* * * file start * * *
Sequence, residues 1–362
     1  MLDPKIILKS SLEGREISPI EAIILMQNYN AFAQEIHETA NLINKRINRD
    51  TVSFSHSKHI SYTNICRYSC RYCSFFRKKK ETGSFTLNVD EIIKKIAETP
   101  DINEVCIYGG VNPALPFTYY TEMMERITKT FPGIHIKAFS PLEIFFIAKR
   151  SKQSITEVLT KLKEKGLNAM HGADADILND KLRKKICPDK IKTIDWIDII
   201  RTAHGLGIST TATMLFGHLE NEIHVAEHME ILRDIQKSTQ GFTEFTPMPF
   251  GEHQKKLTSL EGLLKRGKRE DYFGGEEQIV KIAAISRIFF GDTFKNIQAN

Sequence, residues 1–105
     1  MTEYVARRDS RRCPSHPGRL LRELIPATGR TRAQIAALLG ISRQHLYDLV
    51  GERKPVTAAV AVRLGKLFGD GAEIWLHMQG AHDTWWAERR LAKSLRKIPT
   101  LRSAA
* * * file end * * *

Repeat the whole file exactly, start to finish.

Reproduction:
Sequence, residues 1–362
     1  MLDPKIILKS SLEGREISPI EAIILMQNYN AFAQEIHETA NLINKRINRD
    51  TVSFSHSKHI SYTNICRYSC RYCSFFRKKK ETGSFTLNVD EIIKKIAETP
   101  DINEVCIYGG VNPALPFTYY TEMMERITKT FPGIHIKAFS PLEIFFIAKR
   151  SKQSITEVLT KLKEKGLNAM HGADADILND KLRKKICPDK IKTIDWIDII
   201  RTAHGLGIST TATMLFGHLE NEIHVAEHME ILRDIQKSTQ GFTEFTPMPF
   251  GEHQKKLTSL EGLLKRGKRE DYFGGEEQIV KIAAISRIFF GDTFKNIQAN

Sequence, residues 1–105
     1  MTEYVARRDS RRCPSHPGRL LRELIPATGR TRAQIAALLG ISRQHLYDLV
    51  GERKPVTAAV AVRLGKLFGD GAEIWLHMQG AHDTWWAERR LAKSLRKIPT
   101  LRSAA